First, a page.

Charter Communications filed a waiver request on May 11 with the Federal Communications Commission (FCC) related to its award in the Rural Digital Opportunity Fund (RDOF) auction.
Charter, like all RDOF auction winners, promised to bring broadband to unserved areas. But the company has been auditing the census block groups (CBGs) where it was awarded funds, and it’s found that several of these areas already have broadband or will soon be receiving it.
Bidding under the name of CCO Holdings, Charter was awarded $1.22 billion in the RDOF Phase 1 auction, which concluded in December 2020. Charter won 5,366 CBGs, representing about 1 million homes and small businesses across 24 states for which it’s promised to deliver fiber broadband services.
But now, Charter is seeking a limited waiver of its RDOF deployment obligations in Massachusetts and in small areas in Kentucky, Missouri, Virginia and Wisconsin.
The company says during the process to determine areas that are unserved by broadband, there were inaccuracies. And as a result, some areas included in the auction were in fact served by a broadband provider and should not have been included in the RDOF auction.
Charter says many of these inaccuracies were not its fault, but rather they derived from incomplete broadband databases, faulty broadband maps, and from varying definitions of “unserved.” In addition, some areas have become served with broadband after the RDOF funds were awarded.
For example, it said in Massachusetts the RDOF auction included numerous areas where the Massachusetts Broadband Institute (MBI) had awarded grants for broadband expansion projects prior to the auction through its “Last Mile Program.” But those grants were not identified during the RDOF process, so numerous census blocks were incorrectly identified as “wholly unserved” and included in the RDOF Phase 1 auction.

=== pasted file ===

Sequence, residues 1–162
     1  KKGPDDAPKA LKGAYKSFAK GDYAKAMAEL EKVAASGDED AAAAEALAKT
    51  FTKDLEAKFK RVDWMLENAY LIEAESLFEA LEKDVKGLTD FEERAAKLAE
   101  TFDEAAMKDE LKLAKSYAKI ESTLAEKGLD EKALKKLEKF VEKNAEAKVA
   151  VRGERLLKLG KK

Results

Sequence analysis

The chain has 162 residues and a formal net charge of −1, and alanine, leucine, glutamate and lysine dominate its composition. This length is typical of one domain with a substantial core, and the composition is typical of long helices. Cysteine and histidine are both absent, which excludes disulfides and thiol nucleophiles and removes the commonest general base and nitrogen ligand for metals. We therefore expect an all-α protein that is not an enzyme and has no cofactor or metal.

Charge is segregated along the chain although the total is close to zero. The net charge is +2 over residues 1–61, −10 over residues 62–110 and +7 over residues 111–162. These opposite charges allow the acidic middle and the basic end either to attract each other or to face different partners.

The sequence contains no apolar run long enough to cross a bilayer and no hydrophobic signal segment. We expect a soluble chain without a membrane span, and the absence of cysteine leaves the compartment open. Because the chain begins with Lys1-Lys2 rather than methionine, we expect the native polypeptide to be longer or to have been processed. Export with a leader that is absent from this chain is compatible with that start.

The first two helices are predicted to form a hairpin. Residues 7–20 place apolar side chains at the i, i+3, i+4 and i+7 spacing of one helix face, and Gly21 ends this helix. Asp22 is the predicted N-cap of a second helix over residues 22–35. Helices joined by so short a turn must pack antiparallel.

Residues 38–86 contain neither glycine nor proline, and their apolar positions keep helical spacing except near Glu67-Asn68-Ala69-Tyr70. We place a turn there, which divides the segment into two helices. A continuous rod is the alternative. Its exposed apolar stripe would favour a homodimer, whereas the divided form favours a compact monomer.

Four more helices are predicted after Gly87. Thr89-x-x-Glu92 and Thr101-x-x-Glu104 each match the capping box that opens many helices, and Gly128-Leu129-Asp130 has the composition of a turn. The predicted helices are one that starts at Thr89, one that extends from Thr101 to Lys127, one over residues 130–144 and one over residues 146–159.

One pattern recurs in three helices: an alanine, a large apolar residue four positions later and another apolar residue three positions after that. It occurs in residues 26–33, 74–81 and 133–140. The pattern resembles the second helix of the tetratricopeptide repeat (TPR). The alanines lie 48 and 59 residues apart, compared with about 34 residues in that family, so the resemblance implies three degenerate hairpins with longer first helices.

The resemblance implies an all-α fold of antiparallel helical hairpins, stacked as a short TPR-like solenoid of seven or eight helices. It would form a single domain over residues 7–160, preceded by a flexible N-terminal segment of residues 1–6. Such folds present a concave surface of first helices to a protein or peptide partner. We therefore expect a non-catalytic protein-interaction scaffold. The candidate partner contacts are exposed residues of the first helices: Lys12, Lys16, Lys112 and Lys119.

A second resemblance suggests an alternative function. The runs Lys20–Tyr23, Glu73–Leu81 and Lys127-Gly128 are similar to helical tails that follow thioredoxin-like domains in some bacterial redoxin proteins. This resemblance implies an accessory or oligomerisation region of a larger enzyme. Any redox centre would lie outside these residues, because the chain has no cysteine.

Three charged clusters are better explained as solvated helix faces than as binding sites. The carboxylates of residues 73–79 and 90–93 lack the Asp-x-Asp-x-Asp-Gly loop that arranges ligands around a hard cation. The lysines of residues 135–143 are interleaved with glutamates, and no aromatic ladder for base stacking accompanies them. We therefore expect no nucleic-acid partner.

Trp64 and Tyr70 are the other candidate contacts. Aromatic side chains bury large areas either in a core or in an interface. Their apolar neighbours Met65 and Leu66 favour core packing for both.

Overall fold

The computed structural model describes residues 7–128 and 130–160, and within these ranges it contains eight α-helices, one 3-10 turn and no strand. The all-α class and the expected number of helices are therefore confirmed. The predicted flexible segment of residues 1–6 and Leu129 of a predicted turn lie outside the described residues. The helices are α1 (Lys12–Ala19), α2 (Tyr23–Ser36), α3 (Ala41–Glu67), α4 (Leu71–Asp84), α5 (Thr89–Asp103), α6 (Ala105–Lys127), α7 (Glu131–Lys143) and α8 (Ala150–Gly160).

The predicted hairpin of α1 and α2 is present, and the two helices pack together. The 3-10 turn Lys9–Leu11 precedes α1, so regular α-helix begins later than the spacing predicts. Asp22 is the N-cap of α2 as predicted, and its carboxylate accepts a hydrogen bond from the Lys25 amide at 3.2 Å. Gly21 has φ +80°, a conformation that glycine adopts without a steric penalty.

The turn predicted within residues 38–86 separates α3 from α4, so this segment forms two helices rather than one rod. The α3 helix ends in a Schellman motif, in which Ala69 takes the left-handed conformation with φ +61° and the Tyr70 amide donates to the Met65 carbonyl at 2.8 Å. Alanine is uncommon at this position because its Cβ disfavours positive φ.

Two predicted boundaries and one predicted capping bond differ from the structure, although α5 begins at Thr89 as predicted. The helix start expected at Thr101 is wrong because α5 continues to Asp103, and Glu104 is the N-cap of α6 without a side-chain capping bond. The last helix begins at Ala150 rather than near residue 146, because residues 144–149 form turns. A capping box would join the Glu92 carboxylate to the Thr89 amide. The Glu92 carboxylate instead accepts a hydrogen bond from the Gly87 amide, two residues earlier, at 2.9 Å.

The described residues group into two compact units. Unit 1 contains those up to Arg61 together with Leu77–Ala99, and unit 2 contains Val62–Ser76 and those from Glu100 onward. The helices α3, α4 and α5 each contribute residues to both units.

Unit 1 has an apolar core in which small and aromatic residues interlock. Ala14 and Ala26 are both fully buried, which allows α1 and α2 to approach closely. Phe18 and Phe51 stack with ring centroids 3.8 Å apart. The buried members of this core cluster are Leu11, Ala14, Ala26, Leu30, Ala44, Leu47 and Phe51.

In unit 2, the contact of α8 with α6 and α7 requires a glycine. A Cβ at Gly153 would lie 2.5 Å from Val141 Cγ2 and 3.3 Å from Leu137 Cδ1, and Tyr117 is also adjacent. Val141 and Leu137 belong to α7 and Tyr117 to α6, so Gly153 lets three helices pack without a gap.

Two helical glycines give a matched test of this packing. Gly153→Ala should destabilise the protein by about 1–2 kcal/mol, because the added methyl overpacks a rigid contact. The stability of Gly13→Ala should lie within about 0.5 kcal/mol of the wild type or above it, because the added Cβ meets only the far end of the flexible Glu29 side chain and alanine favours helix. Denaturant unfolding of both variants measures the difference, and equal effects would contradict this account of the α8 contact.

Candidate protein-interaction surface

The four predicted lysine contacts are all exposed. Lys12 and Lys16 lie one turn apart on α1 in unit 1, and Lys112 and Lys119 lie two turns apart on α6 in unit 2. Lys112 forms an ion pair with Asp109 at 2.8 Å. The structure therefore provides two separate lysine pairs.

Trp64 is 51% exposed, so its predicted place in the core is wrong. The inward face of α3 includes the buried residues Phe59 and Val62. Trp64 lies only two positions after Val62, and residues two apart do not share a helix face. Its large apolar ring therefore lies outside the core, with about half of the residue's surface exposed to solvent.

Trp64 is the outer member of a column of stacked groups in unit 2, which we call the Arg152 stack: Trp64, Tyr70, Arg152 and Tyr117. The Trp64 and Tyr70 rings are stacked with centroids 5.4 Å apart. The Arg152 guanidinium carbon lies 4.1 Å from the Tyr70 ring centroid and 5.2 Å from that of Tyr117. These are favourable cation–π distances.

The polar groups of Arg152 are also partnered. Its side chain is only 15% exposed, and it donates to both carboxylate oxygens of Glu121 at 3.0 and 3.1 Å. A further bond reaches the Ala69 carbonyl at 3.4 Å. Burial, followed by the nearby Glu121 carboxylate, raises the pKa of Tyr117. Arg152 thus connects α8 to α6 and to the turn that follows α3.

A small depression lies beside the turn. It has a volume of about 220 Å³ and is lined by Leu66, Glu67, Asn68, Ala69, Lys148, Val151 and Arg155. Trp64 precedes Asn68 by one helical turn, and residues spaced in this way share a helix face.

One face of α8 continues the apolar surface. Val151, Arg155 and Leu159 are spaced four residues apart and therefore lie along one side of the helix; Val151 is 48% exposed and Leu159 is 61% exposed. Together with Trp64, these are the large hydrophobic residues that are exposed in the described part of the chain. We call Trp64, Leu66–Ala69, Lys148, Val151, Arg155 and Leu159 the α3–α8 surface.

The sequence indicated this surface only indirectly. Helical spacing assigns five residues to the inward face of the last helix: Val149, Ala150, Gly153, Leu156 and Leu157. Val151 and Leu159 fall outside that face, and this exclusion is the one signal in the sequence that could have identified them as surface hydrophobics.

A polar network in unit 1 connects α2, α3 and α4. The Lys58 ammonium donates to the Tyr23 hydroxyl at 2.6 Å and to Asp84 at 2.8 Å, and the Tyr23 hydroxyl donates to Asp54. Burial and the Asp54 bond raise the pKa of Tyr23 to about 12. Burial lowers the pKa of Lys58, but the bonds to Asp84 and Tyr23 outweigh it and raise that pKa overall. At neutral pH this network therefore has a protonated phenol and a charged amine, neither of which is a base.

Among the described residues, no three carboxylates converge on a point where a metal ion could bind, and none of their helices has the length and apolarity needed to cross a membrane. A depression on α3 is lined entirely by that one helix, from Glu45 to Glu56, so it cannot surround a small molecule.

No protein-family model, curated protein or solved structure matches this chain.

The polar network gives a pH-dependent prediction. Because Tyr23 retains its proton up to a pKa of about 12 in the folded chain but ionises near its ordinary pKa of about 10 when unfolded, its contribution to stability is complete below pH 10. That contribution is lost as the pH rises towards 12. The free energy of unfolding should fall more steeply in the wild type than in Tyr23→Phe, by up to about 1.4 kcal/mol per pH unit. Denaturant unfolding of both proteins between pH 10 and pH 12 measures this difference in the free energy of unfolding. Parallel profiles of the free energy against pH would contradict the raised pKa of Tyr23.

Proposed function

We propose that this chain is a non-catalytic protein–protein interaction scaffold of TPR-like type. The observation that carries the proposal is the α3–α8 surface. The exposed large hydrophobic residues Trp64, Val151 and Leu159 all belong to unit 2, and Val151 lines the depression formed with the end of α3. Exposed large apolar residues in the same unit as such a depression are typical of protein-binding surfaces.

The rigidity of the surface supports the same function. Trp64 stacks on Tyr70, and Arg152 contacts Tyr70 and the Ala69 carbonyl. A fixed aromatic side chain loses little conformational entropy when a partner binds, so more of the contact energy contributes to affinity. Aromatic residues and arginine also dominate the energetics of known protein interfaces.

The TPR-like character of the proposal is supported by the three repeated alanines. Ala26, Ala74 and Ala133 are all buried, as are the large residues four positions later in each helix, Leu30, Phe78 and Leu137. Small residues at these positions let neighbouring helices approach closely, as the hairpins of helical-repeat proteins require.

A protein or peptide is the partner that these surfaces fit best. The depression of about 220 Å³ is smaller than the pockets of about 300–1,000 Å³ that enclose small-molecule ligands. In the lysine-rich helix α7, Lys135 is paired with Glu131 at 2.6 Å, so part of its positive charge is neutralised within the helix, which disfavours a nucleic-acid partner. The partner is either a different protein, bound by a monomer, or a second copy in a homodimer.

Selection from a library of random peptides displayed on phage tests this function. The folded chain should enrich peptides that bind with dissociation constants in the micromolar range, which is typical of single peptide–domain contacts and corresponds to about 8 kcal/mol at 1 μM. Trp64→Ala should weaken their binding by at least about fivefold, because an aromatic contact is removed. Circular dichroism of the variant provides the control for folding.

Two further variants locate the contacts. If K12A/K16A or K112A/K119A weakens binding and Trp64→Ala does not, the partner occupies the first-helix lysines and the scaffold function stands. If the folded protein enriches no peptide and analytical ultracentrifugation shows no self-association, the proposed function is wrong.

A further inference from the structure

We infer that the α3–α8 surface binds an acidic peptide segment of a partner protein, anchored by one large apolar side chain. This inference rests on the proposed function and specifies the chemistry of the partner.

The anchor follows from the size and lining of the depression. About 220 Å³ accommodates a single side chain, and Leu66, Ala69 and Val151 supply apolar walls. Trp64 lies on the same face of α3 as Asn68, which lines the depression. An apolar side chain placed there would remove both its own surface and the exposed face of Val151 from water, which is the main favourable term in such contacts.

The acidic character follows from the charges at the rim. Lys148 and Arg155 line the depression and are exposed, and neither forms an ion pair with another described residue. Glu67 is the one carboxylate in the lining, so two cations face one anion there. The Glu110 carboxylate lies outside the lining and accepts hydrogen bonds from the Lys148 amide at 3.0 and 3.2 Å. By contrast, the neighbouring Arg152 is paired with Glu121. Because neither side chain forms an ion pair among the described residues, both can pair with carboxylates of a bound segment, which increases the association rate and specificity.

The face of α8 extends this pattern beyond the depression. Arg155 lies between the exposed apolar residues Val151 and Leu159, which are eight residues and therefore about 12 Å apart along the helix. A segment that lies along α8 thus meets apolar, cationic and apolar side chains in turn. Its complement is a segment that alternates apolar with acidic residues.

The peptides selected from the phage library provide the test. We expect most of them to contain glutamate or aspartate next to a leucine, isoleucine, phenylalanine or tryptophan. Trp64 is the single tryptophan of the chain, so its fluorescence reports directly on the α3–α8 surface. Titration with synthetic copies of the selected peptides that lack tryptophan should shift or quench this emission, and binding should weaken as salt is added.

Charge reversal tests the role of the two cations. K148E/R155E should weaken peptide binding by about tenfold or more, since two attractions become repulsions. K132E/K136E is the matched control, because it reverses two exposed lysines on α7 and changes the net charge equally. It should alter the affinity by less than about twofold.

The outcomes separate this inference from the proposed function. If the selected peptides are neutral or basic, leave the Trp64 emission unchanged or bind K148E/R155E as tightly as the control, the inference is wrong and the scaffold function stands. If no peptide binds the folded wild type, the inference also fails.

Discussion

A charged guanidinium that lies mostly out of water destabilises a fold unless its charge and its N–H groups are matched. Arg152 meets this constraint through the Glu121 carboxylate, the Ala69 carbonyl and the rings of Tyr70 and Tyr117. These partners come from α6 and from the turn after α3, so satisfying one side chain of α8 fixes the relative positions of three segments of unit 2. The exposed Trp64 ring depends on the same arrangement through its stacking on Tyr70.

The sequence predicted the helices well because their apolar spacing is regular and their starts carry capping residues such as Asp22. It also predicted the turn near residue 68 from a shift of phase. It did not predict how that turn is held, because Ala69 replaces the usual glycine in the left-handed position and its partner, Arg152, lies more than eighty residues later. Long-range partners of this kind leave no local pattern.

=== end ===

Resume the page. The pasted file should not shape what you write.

Charter and MBI agree that the best outcome would be for Charter not to use RDOF support to deploy its network in about 33 CBGs in Massachusetts, but to instead seek a waiver from the FCC to remove these areas from its RDOF obligations.
Charter has also discovered smaller, but similar, overlaps in Kentucky, Missouri, Virginia and Wisconsin and is asking for limited relief from its deployment obligations in these areas as well. The number of census block groups in these states is nominal – ranging from 5 to 1 CBG.
The company wants the specific CBGs to be excluded from its long-form RDOF application, without facing penalties. The funds for those CBGs would not be awarded to Charter.
The company says it expects to invest several billion dollars of its own funds — on top of its RDOF support — to bring gigabit service to unserved areas. “To achieve this goal, Charter is expanding its existing construction organization in order to focus on deployment of this new fiber optic network and expects to hire more than 2,000 employees and contractors to support the RDOF and future rural buildout initiatives,” it stated in its waiver request.
“Identification of instances in which both RDOF and a state (or municipal, tribal or other federal) broadband program are supporting broadband deployment to the same areas is an extremely fact-intensive and time-intensive exercise,” stated Charter.